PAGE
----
My friends at Norfolk Developers were kind enough to host/indulge me in giving another talk. This session covers how programming language interpreters and compilers go about turning the code we’ve written into some action the computer takes.
Cell is a deliberately small language, which can be implemented in pretty tiny amount of code. It’s not so small as to be without interest though, and you can do proper programmey things with it. The bank account sample code, for instance, is quite astonishingly dense involving calling a function that defines a function which is then immediately evaluated to return another function which manipulates variables captured in the local scope. Amazing stuff. The Cell library’s pairs and lists are also remarkable pieces of work, building out Lisp style arbitrary data structures from the smallest building blocks.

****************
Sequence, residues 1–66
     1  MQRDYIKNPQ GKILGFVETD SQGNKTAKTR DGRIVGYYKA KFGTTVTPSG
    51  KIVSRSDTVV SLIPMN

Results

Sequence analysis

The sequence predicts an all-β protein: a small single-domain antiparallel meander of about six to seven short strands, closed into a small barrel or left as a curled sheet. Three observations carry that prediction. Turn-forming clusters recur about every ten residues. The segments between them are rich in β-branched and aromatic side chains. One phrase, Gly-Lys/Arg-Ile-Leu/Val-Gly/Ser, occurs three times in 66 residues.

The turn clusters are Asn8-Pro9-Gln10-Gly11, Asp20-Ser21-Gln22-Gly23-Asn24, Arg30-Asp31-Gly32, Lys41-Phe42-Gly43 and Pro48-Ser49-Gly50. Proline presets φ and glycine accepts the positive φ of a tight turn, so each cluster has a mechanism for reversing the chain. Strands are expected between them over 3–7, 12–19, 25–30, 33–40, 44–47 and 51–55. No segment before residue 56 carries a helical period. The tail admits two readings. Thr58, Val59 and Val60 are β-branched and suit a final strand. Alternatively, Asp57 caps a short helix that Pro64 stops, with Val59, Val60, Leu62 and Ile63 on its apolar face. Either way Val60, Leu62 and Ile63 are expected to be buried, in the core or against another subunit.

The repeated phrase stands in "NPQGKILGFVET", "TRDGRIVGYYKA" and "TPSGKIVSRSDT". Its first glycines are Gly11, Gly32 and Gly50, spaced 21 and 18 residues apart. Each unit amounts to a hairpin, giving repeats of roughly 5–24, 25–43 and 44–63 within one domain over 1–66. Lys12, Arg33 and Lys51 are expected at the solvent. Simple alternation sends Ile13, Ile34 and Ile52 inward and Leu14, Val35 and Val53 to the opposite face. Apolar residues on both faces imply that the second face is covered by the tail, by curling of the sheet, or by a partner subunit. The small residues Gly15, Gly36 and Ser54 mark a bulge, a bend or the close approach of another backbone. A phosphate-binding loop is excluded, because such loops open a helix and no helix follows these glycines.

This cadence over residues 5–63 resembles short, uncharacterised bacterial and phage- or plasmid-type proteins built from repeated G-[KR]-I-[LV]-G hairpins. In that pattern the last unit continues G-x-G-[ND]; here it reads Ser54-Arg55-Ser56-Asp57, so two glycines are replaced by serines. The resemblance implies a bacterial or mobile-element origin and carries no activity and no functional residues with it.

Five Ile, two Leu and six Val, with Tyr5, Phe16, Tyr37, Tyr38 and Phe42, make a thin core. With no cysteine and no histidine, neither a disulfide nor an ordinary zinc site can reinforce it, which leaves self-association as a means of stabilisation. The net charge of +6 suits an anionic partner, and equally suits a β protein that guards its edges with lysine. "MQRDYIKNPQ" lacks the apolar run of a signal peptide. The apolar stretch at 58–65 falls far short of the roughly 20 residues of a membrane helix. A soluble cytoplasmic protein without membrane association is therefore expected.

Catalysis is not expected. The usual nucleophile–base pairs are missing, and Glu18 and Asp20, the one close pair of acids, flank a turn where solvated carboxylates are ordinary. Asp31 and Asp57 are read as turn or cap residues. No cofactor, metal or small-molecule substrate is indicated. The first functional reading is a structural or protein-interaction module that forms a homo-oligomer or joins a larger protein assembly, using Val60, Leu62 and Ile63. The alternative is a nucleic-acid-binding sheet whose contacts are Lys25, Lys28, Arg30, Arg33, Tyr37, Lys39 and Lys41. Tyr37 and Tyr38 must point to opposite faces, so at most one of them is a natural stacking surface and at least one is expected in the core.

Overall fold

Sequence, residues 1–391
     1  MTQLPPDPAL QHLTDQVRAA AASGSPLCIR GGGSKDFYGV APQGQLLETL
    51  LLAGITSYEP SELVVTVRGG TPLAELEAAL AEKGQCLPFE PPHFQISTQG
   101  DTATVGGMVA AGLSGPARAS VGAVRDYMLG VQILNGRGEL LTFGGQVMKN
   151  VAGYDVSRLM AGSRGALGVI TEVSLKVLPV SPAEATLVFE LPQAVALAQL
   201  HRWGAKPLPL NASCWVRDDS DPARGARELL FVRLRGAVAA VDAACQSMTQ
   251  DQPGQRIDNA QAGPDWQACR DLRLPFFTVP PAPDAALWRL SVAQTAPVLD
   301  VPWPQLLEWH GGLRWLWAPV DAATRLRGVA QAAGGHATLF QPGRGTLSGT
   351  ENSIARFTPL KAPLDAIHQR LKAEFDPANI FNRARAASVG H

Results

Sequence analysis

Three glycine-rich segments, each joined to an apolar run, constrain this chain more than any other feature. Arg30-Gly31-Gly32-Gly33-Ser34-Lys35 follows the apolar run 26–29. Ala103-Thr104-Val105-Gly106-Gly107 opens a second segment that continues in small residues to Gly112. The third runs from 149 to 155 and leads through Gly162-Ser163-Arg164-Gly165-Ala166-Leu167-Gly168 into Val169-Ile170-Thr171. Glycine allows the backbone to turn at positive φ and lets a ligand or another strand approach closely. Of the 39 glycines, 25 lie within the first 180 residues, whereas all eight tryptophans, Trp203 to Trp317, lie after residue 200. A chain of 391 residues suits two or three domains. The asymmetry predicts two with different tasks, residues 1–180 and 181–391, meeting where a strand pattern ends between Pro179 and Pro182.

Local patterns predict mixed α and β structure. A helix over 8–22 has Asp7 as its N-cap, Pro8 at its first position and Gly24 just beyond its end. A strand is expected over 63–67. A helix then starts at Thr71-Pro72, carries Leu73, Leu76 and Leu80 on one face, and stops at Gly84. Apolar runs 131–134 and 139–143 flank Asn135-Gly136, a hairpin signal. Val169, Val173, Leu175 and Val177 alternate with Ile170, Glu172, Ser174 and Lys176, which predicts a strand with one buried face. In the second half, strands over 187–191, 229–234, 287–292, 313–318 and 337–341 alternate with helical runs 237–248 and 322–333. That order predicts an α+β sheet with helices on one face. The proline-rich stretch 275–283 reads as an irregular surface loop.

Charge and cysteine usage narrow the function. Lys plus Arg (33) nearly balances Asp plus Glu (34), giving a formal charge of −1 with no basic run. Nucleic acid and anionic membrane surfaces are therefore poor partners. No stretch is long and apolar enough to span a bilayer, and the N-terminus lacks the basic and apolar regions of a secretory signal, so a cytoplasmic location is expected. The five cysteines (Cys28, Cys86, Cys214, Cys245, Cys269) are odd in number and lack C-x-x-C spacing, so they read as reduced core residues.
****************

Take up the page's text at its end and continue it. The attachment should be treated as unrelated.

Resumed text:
It’s a fun little project to work on, and I hope I did it at least some justice in my talk.
How to write a programming language - the talk Andy wrote Cell to illustrate.
Want something chunkier? Crafting Interpreters is an impressively thorough treatment of the topic.
Journey Into Space: How I read an article by one of the original signatories of the manifesto for agile software development, and accidentally ended up writing a version of Asteroids for my phone - the previous NorDev talk I referenced right at the start of this one.